Wednesday, August 4, 2010

QR Codes - implications for teaching and learning

What is a QR code and how can we use it in teaching and learning?
A QR Code is a matrix barcode (or two-dimensional code), readable by QR scanners, mobiles phones with camera, and smartphones.
The code consists of black modules arranged in a square pattern on white background. The information encoded can be text, URL or other data. QR stands for Quick Response.
Although initially used for tracking parts in vehicle manufacturing, QR Codes are now being used in a much broader context.

What are the implications for teaching and learning
Educause explains: 'QR codes link the physical world with the virtual by providing on-the-spot access to descriptive language and online resources for objects and locations. In this way the codes support experiential learning. They offer expanded pedagogical value in exercises that draw students into creating and contributing content. In history projects, students might research information about local sites, write up what they have learned generate QR code for their content, post the codes at key destinations, and tour the sites where a network of information from other students has been posted'
Educause also see the potential of QR codes to move students away from keyboards as input devices in learning environment. Instead they scan QR codes to locate, interpret, review evaluate and create content.
ref: 7 things you should know about QR codes'

Uses of QR codes in Teaching and Learning:
  • The potential of QR codes in Education

eg: Half Hollow Hills Community Library uses datamatrix codes on end stacks to lead patrons to subject guides on the web.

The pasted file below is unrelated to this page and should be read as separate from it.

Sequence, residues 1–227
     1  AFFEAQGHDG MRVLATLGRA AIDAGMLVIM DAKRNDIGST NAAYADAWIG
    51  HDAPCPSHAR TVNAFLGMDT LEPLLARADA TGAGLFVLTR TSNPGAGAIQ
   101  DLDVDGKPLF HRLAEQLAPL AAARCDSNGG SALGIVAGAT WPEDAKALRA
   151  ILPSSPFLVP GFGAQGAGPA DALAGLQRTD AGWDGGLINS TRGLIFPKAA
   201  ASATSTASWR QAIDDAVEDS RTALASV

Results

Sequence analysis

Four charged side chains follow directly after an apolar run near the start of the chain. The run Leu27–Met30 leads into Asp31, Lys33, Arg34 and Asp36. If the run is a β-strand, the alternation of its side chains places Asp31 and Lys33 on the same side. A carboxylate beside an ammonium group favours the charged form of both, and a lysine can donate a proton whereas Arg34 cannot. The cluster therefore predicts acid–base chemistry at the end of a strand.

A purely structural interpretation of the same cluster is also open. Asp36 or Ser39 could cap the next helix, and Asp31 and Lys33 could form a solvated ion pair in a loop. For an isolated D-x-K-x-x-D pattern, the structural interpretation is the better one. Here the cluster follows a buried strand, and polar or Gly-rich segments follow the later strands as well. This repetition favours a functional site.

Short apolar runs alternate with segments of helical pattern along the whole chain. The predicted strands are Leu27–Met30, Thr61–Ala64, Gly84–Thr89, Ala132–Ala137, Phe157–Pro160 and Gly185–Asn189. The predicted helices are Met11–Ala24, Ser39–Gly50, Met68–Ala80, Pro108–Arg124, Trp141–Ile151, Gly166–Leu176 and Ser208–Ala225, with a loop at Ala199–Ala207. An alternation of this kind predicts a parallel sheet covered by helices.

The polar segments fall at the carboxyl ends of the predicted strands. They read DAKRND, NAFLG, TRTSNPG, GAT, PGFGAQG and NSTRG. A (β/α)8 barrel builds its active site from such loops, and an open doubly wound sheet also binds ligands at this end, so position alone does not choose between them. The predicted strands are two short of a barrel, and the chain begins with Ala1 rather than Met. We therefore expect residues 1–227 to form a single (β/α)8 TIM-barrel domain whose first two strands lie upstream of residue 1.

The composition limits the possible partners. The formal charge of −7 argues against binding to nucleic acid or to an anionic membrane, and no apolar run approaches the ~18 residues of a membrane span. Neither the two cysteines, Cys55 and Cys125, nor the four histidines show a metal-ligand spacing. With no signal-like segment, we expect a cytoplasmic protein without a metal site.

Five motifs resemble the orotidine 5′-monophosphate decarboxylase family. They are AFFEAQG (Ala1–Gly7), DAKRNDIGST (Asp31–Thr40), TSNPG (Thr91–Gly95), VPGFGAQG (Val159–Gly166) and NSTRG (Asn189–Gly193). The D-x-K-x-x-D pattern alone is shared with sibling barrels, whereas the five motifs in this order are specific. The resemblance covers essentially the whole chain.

Through the magic of QR codes, Ubimark has published an edition of Jules Verne's Around The World in 80 Days which allows you to 'click through' to more information using your phone.
eg: Novels – add scan codes for sidebar stories about the characters or author commentary. Recipe Book – scan the code to see the “how to” video.

Generate your own QR code
Try Kaywa QR code generator:

Reading QR codes

You need a mobile phone with a camera and a suitable QR scanning app. Try ScanMee for iphones or use Google to locate other QR code readers for other suitable apps. Most smartphones on a Telstra plan come with an inbuilt QR scanner.

See the QR codes we made earlier at the top of this post. Try scanning them to see where it takes you.

1 comment:

John Parsons said...

Great post. There are almost endless applications for this technology.

However, a word of caution to QR Code enthusiasts is in order. Creating the tag, while simple, is only the first step. Creating a compelling mobile experience is the hard part.

Compared to desktop or laptop environments, mobile browsers are a different beast entirely. To successfully build a satisfying mobile Web 'micro site' one must contest with tiny screens, less memory and storage capacity, bandwidth limitations and, above all, the absence of run-time applications and (on Apple devices) Flash.

Fortunately, companies like Warbasse Design ( and others are pioneering these issues. It's a brave new world — again.